Dangote Refinery Sets 2020 For Petrol, Fertilizer Export Begins This Year

Dangote Refinery Sets 2020 For Petrol, Fertilizer Export Begins This Year

The Dangote refinery plans to start selling petrol, diesel and aviation fuel by early 2020, but the fertiliser plant, will start producing urea this year, Edwin Devakumar, the group executive director told Bloomberg.

The $10 billion refinery, set to be one of the world’s largest and which can process 650,000 barrels of crude a day, should be near full capacity by mid-2020, Devakumar said in the interview,

“People still have difficulty believing we can do it on time and within those costs,” Devakumar, 61, said Wednesday. “But we believe we can. It’s something of the size that’s rarely been done before. It’s huge.”

Aliko Dangote, worth $12.4 billion according to the Bloomberg Billionaire’s Index, has said the refinery can transform Nigeria by weaning it off fuel imports and generating foreign exchange through exports. Despite being Africa’s biggest crude producer and an OPEC member, the West African nation ships in almost all its gasoline and diesel from abroad because of the decrepit state of its government-owned refineries.

Dangote’s facility will probably produce about 50 million litres (13.2 million gallons) a day of gasoline and 15 million liters of diesel, though output can be changed according to the demand for each product, Devakumar said.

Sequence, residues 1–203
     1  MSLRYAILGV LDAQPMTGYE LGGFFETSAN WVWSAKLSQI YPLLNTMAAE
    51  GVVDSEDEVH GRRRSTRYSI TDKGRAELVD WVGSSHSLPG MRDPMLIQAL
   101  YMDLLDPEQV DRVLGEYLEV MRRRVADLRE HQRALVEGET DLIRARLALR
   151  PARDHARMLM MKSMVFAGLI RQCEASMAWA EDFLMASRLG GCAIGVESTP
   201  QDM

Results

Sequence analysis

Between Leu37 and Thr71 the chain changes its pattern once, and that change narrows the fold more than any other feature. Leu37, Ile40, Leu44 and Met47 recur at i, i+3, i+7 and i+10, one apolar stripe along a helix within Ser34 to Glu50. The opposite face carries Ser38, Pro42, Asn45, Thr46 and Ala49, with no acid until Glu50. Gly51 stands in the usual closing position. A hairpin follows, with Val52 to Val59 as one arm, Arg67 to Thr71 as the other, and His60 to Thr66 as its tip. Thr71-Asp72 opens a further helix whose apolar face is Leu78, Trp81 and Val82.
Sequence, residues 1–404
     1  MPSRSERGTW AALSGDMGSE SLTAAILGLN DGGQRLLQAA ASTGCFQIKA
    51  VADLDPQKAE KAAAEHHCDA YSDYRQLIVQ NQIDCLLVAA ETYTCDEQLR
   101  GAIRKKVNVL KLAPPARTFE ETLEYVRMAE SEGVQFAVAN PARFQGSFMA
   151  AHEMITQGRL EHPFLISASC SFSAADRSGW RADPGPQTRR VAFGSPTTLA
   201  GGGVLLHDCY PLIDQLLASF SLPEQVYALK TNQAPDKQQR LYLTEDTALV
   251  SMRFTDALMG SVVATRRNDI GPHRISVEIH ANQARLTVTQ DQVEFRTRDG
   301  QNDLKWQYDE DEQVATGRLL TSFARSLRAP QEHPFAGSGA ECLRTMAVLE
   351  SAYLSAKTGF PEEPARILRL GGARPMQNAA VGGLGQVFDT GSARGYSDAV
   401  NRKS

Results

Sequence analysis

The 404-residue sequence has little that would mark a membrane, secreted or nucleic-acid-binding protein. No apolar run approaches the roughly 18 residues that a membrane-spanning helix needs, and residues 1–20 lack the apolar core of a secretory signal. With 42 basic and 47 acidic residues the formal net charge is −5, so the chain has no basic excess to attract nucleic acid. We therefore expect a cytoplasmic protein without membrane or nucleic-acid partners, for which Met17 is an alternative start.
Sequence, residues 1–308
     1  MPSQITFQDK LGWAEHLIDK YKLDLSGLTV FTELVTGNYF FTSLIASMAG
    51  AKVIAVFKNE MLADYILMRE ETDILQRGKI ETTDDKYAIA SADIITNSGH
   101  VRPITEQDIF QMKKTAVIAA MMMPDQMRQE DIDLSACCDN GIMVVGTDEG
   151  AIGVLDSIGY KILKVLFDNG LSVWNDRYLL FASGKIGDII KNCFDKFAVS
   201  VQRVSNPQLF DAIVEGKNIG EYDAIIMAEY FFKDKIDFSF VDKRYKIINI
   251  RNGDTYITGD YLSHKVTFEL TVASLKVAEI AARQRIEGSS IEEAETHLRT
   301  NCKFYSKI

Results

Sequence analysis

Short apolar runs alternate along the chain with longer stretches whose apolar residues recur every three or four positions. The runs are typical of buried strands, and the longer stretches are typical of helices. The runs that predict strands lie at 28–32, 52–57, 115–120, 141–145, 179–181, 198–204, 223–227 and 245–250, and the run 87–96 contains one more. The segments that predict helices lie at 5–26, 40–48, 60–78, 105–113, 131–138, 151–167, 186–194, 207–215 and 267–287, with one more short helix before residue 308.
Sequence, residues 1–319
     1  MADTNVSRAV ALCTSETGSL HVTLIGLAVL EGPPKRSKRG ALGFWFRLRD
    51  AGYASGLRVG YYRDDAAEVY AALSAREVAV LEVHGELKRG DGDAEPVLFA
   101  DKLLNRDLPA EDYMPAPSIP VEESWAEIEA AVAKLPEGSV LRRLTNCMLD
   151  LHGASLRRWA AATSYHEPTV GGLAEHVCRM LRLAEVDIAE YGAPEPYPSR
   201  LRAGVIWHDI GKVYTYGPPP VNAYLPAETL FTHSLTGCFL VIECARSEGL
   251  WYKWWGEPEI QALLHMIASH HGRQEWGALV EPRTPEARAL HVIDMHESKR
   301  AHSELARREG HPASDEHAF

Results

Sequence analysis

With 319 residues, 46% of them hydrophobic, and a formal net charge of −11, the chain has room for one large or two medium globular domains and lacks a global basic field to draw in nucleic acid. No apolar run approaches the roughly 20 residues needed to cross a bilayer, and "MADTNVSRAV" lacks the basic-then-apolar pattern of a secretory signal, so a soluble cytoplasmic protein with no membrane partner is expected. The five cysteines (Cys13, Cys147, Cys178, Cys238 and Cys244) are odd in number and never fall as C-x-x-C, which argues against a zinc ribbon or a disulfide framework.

While Nigeria, a country of almost 200 million people, consumes roughly 35 million liters of gasoline daily, Dangote can export surpluses, Devakumar said.

“Once we start producing, we’ll be able to meet all local demand and we’ll also be able to start exporting,” he said.

The company has been in talks with oil traders including Royal Dutch Shell Plc, Vitol Group and Trafigura Group Pte about them supplying crude and buying refined products, according to Devakumar.

“We are establishing a rapport with them, but there’s been nothing specific so far,” he said.

The plant is designed to process light and medium grades of crude and produce fuels that meet European standards so that Dangote can sell them globally.

“We’re flexible in terms of our feedstock,” Devakumar said. “We’ll be able to use all the African crudes, American crudes and Middle Eastern crudes. We don’t want to be dependent on Nigerian crude. We won’t be able to process heavy, dirty crudes. It doesn’t make sense in today’s environment.”

Trafigura confirmed discussions had taken place. The new refinery will benefit “the West African oil market and improve fuel standards in the region,” a spokesperson said in an emailed response.(NAN)

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